by Dr. Alison Matsunaga, Department of Hematology-Oncology at UCSF Benioff Children’s Hospital Oakland
How do you get lead poisoning?
Since toddlers often put things in their mouths, they are at an increased risk to ingest lead if it is present in their environment. If any individual is exhibiting “pica behavior,” which is eating non-food items that might contain lead, they are also at risk for high levels of lead in their blood.
How can you prevent a child from getting it?
Talk with your pediatrician if your child is at risk for elevated blood levels. A blood test will determine if your child has a high lead level in the blood and can be performed at any time.
The test is often done when your child reaches one year old and can also be obtained in these situations:
Your child is exhibiting pica behavior – i.e., eating non-food items, especially dirt.
You and your child are residing in a home built before 1978, after which lead was removed from household paint. This should especially be checked if you see paint chips or dust, and/or there have been recent home renovations.
A parent works in an environment at risk for lead exposure.
You have toys or toy jewelry on the lead recall list (www.cpsc.gov).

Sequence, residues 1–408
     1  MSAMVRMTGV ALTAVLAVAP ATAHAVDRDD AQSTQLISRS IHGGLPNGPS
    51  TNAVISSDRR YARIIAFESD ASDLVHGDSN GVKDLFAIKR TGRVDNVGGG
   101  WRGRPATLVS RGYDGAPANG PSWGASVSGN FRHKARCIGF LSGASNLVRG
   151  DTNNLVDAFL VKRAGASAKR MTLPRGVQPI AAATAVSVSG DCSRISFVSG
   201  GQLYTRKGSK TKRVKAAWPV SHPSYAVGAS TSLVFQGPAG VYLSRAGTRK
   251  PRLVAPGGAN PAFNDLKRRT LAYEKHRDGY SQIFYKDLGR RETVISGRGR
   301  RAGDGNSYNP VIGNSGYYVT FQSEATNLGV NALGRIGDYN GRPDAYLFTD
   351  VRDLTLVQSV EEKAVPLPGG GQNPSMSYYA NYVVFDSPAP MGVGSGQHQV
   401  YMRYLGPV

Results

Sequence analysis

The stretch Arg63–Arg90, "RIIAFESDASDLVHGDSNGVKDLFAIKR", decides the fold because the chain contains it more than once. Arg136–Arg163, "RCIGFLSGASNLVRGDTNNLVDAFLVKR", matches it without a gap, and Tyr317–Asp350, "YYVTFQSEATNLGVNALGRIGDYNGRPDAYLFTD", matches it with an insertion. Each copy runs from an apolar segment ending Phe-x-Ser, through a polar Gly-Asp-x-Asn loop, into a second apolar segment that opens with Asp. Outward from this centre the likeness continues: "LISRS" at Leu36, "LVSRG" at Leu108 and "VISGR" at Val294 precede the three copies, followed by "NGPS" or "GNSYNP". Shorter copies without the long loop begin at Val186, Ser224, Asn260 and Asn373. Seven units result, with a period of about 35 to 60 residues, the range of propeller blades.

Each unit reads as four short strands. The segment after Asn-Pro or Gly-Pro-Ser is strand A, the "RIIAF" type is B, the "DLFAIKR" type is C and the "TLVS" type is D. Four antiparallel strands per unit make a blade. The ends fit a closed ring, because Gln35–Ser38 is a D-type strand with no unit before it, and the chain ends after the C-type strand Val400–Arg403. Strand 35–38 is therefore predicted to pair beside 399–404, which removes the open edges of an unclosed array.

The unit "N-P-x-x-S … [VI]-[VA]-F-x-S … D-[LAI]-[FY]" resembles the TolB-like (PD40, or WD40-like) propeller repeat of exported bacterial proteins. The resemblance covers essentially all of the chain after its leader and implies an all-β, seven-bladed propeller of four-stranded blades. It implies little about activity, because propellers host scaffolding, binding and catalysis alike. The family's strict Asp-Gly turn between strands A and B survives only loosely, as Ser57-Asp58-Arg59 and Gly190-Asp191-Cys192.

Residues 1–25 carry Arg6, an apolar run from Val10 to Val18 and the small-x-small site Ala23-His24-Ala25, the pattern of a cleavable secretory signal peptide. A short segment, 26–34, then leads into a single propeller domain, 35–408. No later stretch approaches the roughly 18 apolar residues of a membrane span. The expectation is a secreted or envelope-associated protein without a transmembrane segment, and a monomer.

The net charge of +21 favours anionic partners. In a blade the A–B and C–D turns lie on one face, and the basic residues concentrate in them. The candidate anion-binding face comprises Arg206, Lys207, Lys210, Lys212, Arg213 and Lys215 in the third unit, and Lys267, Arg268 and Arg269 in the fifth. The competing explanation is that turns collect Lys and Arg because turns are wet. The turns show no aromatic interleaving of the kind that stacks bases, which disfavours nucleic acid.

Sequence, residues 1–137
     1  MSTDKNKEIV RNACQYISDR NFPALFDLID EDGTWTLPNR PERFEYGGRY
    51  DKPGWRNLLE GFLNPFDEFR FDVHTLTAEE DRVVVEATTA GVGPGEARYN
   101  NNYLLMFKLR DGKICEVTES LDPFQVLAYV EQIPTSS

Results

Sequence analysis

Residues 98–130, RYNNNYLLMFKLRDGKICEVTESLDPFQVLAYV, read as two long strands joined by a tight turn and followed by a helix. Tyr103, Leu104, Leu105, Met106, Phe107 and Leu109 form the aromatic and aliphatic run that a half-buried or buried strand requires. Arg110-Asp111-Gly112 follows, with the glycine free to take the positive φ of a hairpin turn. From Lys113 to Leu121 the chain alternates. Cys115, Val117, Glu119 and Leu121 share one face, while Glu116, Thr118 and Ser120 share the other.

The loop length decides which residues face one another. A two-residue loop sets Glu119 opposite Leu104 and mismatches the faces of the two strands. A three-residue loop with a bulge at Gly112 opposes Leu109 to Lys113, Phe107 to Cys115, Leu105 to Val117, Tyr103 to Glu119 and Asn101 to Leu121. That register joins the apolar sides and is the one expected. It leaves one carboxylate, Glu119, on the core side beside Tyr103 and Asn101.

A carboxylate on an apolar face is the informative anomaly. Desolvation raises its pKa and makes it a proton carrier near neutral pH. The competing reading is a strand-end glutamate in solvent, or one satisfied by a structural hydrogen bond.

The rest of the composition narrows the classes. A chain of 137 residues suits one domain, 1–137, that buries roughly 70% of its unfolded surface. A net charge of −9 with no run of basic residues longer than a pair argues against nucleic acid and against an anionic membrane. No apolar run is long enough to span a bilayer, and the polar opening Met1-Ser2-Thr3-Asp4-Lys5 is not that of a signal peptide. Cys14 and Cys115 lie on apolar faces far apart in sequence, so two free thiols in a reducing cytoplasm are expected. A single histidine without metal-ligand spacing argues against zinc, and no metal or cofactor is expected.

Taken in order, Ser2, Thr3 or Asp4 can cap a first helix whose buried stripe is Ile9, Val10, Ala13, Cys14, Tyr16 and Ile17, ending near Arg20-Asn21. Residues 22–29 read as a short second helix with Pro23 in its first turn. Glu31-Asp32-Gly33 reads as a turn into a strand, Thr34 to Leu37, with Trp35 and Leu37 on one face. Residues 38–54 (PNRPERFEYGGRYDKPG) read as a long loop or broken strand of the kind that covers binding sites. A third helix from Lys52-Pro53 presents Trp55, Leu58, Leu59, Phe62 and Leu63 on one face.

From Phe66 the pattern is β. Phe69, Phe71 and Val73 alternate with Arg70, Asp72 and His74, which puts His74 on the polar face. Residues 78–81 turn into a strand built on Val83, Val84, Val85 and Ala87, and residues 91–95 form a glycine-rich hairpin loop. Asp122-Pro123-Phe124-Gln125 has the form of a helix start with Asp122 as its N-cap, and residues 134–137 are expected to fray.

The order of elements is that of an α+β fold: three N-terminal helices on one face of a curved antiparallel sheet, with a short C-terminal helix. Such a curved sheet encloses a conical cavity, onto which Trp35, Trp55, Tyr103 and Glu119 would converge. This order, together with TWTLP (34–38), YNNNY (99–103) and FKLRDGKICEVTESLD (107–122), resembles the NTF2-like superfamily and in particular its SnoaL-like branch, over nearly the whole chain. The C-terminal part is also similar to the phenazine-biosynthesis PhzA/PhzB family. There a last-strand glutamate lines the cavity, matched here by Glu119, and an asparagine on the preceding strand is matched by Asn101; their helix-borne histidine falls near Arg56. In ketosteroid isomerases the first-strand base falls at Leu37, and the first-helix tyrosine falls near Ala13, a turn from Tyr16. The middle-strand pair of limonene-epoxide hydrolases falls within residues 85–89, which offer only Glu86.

There is exposure to medicinal herbal remedies or ceremonial makeup that might contain lead.
How do you treat lead poisoning?
The first approach to treating lead poisoning is to identify the lead source to stop the exposure. Subsequent chelation therapy is dependent on how high the lead level is, and how acute and sudden the exposure is. Children with higher lead levels can often have concurrent iron deficiency, which also needs to be treated. If your child has been found to have a high lead level, your pediatrician will contact your local county health department’s Lead Poisoning Prevention Program for assistance in investigating the source of the lead exposure, to ensure that your house is safe for your child. Your pediatrician and the health department will also contact our hematology center should there be further management issues.
What are the effects of long-term lead poisoning?
When children present with very high, toxic levels of lead in the blood, this can lead to acutely severe symptoms such as coma or seizures. Even chronically low levels of lead in the blood can affect your child’s IQ, attention span and academic performance. Previously, the Center for Disease Control and Prevention’s definition of a high lead level was above 10 to 20 micrograms per deciliter, but now even a level of 5 micrograms per deciliter warrants further investigation and follow-up.
Call the Poison Control Center
If your child swallowed it, breathed it in, or spilled it on his/her skin – Call the Poison Control Line at (800) 222-1222.
They will ask you some questions to assess the situation and tell you quickly, right over the phone, what to do. Usually, they will be able to help take care of the problem with one phone call, and they will advise when they think you need to go to an emergency room. The poison control expert will call the Emergency Department ahead to alert them that you’re coming so you don’t have to wait. If necessary, they will call you back to check on your child’s progress.